–“6.18     The Under-Secretary of State at the Home Office, George Howarth MP, told us confidently that legalising recreational use would cause such use to increase (Q 674). Professor Edwards, writing for the Royal Society, is less sure: “We would expect weakening of controls over cannabis to result in increased use levels, but this is an empirical question on which research at present is not conclusive...Removal of prohibition on cannabis would have to be described as a voyage into the unknown. Some added harm and some added costs would undoubtedly result” (p 303). There is international experience which might throw light on this question, but we have not explored it in detail.

–“6.19     We have not considered the wider range of social and criminological issues which would be raised by any proposal to change the law on recreational cannabis use. These include enforcement, the impact on use of other illegal drugs, and the international context and the danger of “drug tourism”; as well as ethical, philosophical and religious questions about the freedom of the individual, the nature of society and the morality of mind-altering drugs. As we said when we began this enquiry, these matters fall outside our remit as a Science and Technology Committee. An Independent Inquiry into the Misuse of Drugs Act, chaired by Lady Runciman of Doxford and supported by the Police Foundation, is currently considering the matter in its wider context; they expect to report next year.

–“8.9     Unlike cannabis itself, the cannabinoid THC (dronabinol) and its analogue nabilone are already accepted by the Government as having medical value (paragraphs 5.11-17)—producing the anomaly that, while cannabis itself is banned as a psychoactive drug, THC, the principal substance which makes it psychoactive, is in legitimate medical use. Some of our witnesses are prepared (paragraph 5.50) to contemplate wider medical use of the cannabinoids, but not of cannabis itself. We disagree, since some users of both find cannabis itself more effective (paragraph 5.51). We do, however, welcome the inclusion of THC in the trials proposed by the Asscher group, in like-for-like comparison with cannabis itself.

–“8.10     Dronabinol (THC), though not licensed in this country, has already been moved to Schedule 2 to the Misuse of Drugs Regulations, and nabilone is a licensed medicine and not a controlled drug; so no Government action is required in either case to permit clinical trials or indeed prescription. All cannabinoids other than THC remain in Schedule 1, and transferring them would require agreement through the WHO under the 1971 Convention. We do not regard this as a priority, since we are not persuaded that any other cannabinoid has a convincing medical use; but we recommend that the Government should raise the matter of rescheduling the remaining cannabinoids with the WHO in due course, in order to facilitate research.”  http://www.erowid.org/plants/cannabis/uk_lords_report/IndexOfReport.shtml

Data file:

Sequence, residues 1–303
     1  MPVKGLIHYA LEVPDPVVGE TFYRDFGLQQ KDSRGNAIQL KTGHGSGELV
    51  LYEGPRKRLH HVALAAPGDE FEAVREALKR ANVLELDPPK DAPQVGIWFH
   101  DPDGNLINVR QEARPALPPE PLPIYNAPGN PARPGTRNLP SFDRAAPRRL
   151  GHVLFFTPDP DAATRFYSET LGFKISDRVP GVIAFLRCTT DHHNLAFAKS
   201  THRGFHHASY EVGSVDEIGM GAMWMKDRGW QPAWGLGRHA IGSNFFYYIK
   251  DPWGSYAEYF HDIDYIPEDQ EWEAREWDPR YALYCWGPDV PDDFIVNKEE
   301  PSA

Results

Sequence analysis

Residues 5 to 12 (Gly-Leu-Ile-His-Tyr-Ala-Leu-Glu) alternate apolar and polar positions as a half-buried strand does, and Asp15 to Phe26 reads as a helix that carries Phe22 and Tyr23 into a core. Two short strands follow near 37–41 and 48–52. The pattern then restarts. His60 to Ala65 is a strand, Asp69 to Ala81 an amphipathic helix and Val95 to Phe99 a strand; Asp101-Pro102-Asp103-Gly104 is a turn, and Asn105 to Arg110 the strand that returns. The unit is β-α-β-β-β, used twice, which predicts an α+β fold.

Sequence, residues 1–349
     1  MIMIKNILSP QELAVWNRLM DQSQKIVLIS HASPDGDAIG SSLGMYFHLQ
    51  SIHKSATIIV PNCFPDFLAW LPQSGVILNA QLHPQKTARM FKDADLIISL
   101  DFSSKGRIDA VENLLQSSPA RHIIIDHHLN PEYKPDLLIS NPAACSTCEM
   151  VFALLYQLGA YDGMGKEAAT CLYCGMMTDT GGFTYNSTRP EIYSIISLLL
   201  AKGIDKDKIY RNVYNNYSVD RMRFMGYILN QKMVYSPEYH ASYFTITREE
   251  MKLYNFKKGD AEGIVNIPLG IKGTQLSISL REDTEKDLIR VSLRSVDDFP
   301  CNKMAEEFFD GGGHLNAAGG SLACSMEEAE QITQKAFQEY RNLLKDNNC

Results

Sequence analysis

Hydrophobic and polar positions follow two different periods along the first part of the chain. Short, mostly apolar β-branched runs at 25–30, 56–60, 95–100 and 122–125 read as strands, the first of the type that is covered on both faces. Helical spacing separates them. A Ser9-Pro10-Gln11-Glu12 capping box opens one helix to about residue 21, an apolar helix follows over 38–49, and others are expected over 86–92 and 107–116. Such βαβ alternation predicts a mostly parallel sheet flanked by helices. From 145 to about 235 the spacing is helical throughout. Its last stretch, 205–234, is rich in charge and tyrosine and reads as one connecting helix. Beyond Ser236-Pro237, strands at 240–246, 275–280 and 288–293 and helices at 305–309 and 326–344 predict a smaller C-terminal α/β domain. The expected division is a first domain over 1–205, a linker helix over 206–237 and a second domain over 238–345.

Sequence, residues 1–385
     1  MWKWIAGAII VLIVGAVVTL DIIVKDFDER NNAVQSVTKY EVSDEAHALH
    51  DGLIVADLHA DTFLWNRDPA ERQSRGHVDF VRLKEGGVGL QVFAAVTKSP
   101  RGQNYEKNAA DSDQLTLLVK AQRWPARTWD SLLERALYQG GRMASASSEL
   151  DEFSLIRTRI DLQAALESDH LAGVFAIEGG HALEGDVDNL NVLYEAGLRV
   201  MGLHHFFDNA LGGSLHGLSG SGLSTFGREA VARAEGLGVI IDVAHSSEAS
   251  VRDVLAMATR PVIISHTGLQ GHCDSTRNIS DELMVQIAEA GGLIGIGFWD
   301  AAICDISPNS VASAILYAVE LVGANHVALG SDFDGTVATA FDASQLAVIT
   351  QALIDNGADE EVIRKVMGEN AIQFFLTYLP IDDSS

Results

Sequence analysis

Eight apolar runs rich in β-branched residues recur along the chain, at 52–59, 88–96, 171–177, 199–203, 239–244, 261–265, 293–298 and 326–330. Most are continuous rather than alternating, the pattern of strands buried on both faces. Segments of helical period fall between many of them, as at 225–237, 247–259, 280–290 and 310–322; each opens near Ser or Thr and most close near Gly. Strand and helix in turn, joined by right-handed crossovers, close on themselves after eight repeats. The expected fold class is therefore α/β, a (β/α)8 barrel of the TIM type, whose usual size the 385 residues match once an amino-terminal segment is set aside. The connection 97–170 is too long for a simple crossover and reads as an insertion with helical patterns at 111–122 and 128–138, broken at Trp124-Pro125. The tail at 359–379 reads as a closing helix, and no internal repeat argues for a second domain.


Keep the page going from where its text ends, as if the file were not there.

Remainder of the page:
Now after reading very carefully through the reports, as cited, the critical reader cannot ignore the specific admission that THC is in legitimate Medical use, and that it is the cannabis [drug] which makes it against the law to use. The writers of the ‘Lord Report’ call this an “anomaly” when in FACT, it lets the cat out of the bag, to wit: NONE of the “other” cannabinoids (if cited at all) cause the UNWANTED “psychoactive effect” thereby, negating the classification in which THC [as a distinct molecular substance] has been placed. This is not an anomaly— it is the deliberate falsification of natural, compounds/properties into a drug class wholly artificial for the expressed purpose of making the use of a non-hallucinogenic substance [cannabis] a punishable offense. And that is assuming THC is a hallucinogenic— because those marijuana [Good feeling] smokers have no lawful right to decide what is and what is not a good feeling much less when they are allowed to have one at all.